The Herniabible Blog

advice from people who have had an inguinal hernia

Loss of Orgasm After Groin Hernia Surgery

This report comes from one of our survey respondents

It’s now 365 days since my right inguinal hernia repair, open using mesh. From the morning after surgery there has been complete loss of orgasm and all erogenous/erotic feeling. The doctors are in total denial. This happens more often than they care to admit. Apparently we need all the sensory nerves in order for the brain to produce the sexual high and orgasm. Pudendal and perineal nerves often yanked in removing hernia sac… pull a nerve 15% and it never comes back, except as pain. Iliohypogastric and ilioinguinal also contribute to sex feelings, especially if you are circumcised. If only I had known.

More details

During open inguinal hernia repair, the pubic tubercle is the bone landmark which surgeons use to tell how far to cut. Two centimeters in from this point is where the spermatic cord changes course and a finger is used to separate it from the floor. The hernia sac is a part of the interior lining enclosing the bowel that is forced out through the inguinal canal. Typically it adheres to the cord and must be cut free. The surgeon can only go those two centimeters before encountering the suspensory ligament of the penis.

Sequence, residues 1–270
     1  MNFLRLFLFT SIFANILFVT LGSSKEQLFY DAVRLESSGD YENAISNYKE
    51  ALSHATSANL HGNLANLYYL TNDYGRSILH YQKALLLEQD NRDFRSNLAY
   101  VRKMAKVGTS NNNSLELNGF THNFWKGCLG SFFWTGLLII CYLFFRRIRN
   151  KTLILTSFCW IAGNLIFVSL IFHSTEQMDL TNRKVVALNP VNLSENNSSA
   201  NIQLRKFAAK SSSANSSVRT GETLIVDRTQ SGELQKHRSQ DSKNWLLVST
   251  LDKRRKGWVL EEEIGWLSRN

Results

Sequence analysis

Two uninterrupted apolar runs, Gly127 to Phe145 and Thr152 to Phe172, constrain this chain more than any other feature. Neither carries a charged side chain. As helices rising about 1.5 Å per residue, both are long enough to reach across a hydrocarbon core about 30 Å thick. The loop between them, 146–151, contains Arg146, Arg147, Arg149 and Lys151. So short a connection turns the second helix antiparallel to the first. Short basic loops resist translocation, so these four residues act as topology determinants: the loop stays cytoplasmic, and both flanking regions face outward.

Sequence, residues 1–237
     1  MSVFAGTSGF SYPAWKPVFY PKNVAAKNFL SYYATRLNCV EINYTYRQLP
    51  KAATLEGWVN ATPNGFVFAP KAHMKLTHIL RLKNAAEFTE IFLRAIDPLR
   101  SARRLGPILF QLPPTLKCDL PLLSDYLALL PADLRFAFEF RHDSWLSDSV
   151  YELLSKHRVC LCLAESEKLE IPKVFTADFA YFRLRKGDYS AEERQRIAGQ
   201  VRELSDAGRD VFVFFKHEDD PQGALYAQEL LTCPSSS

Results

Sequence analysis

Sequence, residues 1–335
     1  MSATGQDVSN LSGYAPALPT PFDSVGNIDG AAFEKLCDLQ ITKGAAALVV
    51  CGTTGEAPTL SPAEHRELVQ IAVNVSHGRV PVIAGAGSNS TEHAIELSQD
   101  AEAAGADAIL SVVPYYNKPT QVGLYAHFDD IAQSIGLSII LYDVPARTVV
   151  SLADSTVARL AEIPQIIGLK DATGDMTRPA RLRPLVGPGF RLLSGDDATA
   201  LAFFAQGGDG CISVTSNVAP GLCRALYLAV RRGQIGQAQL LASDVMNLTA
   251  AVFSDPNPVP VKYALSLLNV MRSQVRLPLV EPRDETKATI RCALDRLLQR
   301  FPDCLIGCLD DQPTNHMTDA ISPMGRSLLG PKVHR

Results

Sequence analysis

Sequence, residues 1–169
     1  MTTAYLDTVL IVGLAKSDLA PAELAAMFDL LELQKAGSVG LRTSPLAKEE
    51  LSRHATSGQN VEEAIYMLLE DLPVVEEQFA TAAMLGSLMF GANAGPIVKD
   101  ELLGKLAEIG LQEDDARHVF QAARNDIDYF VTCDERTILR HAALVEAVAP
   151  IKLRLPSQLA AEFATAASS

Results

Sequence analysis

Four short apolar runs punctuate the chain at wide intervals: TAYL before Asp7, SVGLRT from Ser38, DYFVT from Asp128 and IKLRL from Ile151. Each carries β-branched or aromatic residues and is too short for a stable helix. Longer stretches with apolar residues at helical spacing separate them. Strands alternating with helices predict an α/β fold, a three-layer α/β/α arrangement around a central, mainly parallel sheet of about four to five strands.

This is a wide band that circles and encloses the penis very much like a ‘marital aid’ or constriction band. It is firmly attached to the pubic bone and is what makes an erection point up and supports it for sex. It also helps the veins close off to maintain the erection.

The penile dorsal nerves lie under this sheath and are also exposed in the area inside before the penis enters the encircling ligament. If the surgeon pokes through this area in any of the three steps (exposing the cord, dissecting the sac, or suturing the mesh to the pubic tubercle) you can end up neutered like I was. If the suture ties into the ligament you can get the often-described-but-never-explained loss of firm erections, or often described ejaculatory or erection pain.

In my State medical malpractice claims have been legislated out of existance in the name of tort reform. I cannot be fixed, there is no way to protect yourself from incompetent surgery, and no way to make the doctor pay. Lack of informed consent likewise does not exist as a legal barrier.
I CAN’T URGE TOO STRONGLY TO ANYONE CONSIDERING THIS “ROUTINE MINOR SURGERY” TO THINK AGAIN!

If you had inguinal hernia surgery more than a year ago, please consider filling in our anonymous online survey.

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June 16, 2009 Posted by | Case reports, Surgery issues | , , , , , , , | 11 Comments